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Catherine McAuley statue alive with heart of mercy, inviting people to reflect and encounter

Artist’s joy: Sculptor Peter Wegner at the blessing of the McAuley statue at Australian Catholic University McAuley campus. Photo: Joe Higgins

VENERABLE Catherine McAuley, a woman who nurtured poor Irish Catholics in Dublin, has found her way to Banyo, sitting on a plinth with a child under the spire of the Australian Catholic University Holy Spirit Chapel.

Brisbane Archbishop Mark Coleridge led a liturgy and blessing of a statue of Sister Catherine at McAuley Campus on August 1. 

About 100 people attended the liturgy, including Mercy Sisters, Josephite Sisters, clergy and seminarians as well as ACU and Catholic education dignitaries.

Mercy Sisters Brisbane congregation leader Sr Catherine Reuter said the statue was beautiful.

Living the story of mercy

She said in many ways it was an expression of thanks and a way of preserving the story of mercy, a story she said was “bigger than I am, bigger than we are”.

But she said it was also an invitation.

“It’s an invitation to remember and to in some way continue to inculcate Catherine’s gift of mercy,” she said.

“The statue itself is just so engaging and so reflective of relationships, of care and compassion.”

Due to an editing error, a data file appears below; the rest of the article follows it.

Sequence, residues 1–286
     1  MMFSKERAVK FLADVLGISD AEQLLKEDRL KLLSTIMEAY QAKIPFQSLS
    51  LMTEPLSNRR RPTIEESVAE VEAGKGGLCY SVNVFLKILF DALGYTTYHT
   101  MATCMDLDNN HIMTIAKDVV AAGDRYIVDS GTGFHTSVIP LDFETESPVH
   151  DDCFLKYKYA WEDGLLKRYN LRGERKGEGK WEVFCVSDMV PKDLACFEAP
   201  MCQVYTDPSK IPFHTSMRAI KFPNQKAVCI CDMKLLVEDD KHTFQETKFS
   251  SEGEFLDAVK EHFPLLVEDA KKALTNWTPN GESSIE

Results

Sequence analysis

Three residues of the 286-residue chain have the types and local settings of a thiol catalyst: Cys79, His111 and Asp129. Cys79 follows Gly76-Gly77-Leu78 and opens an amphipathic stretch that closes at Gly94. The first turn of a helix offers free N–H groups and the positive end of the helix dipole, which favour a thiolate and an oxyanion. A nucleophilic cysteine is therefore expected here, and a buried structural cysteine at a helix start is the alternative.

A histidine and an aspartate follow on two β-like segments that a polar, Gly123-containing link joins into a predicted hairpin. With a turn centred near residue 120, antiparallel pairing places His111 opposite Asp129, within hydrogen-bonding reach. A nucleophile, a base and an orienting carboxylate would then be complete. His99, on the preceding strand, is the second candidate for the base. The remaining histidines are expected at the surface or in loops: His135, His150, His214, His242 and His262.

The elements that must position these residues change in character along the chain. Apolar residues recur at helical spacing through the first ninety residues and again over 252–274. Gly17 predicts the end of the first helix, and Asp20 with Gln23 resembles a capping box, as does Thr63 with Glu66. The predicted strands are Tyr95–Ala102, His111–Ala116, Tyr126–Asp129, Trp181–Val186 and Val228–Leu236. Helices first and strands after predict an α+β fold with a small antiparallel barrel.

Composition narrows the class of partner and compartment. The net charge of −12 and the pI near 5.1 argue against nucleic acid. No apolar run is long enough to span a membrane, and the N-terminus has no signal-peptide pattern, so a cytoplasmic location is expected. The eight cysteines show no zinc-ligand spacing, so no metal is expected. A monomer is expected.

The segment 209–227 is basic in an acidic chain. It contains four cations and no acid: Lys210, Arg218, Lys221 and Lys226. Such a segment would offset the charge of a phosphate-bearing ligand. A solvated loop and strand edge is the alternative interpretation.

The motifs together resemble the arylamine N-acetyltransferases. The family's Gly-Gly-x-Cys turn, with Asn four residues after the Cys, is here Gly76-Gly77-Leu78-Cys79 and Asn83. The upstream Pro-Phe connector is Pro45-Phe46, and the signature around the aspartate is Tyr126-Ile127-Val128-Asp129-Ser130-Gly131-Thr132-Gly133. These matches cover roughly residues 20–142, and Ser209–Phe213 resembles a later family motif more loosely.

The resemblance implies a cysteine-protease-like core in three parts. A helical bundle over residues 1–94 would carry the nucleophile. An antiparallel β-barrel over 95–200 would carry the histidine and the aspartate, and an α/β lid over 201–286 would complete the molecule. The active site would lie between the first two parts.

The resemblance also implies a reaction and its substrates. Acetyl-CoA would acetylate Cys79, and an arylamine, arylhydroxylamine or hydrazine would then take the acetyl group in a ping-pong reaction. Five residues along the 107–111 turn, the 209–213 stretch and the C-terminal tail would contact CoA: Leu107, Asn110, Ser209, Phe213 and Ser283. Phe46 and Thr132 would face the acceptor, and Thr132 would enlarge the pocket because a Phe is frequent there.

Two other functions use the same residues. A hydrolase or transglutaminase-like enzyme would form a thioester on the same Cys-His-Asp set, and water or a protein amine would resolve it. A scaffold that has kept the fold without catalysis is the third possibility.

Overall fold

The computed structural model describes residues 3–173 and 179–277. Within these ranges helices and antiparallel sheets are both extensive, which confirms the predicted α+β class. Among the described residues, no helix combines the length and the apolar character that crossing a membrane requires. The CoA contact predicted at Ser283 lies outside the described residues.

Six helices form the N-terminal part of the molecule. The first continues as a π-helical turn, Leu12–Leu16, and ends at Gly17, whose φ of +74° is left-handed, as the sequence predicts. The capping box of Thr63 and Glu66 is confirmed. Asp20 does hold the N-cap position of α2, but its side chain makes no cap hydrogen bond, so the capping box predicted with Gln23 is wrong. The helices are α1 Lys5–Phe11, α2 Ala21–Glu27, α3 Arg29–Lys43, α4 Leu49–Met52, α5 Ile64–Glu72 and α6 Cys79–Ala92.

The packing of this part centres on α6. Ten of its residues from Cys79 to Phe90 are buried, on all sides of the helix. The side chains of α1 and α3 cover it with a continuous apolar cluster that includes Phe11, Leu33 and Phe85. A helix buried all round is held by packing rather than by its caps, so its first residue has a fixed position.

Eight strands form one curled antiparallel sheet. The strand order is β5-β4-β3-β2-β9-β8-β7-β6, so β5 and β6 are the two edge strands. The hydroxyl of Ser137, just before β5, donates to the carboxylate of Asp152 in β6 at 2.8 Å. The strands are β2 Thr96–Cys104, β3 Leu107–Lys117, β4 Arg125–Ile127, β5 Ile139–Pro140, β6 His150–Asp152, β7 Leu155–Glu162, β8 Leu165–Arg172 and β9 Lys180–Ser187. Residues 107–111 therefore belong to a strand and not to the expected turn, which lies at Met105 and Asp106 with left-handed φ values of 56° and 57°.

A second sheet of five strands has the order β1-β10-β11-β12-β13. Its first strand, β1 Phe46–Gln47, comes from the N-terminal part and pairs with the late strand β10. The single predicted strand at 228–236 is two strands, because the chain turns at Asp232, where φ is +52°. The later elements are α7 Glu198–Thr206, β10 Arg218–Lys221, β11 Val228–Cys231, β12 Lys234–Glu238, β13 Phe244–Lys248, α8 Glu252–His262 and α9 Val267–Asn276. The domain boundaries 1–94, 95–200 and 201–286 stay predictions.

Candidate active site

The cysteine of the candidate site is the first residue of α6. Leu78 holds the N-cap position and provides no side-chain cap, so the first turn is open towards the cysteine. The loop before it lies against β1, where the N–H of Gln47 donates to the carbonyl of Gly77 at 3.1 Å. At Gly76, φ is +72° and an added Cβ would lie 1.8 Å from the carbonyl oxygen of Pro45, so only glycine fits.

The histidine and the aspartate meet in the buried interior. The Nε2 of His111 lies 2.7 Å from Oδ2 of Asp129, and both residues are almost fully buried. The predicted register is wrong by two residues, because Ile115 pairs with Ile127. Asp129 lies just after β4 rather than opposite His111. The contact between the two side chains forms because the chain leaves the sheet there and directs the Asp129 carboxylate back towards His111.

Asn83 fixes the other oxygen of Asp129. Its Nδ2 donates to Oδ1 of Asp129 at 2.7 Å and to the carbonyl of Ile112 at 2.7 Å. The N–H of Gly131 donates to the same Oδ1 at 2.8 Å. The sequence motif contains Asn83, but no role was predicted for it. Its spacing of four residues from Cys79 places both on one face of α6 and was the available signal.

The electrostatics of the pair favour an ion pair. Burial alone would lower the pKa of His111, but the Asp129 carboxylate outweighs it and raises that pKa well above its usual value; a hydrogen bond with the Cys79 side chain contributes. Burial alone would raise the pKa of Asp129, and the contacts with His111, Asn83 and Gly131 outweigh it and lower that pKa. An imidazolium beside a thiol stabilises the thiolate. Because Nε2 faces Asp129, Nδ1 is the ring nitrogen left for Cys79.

“We are very grateful as ever to ACU for the way that they continue to engage the sisters in what are the life and celebrations of what happens on the campus.”

Merciful love: Venerable Catherine McAuley exalted in bronze.

Sr Reuter said it was also an invitation for students and visitors walking past the statue to learn about who Sr Catherine was.

But it was also an invitation to learn about the charism of mercy and the role of mercy in their lives, she said.

Bringing bronze to life

Sculptor Peter Wegner, who won the 2006 Doug Moran National Portrait Prize, said he had hoped to reflect Sr Catherine’s kindness, empathy and compassion towards the poor and disadvantaged.

“She draws the child closer in a comforting and gentle embrace and instills a sense of trust which is exchanged and shared,” he said.

“The two figures are united in the bond that carries a sense of hope for the destitute and the needy, while depicting Sister Catherine as a protector and social reformer.”

Archbishop Coleridge said in his remarks that the statue pointed beyond itself.

“If it didn’t, it would be idolatry,” he said.

He said we bless the statue because it pointed to God. The Archbishop said it also pointed to a woman who lived in turbulent times of Catholic emancipation in Dublin.

He said in some ways God incarnated in Catherine and her works of mercy.

“Somehow in this woman, God walked the streets of Dublin and far beyond.”

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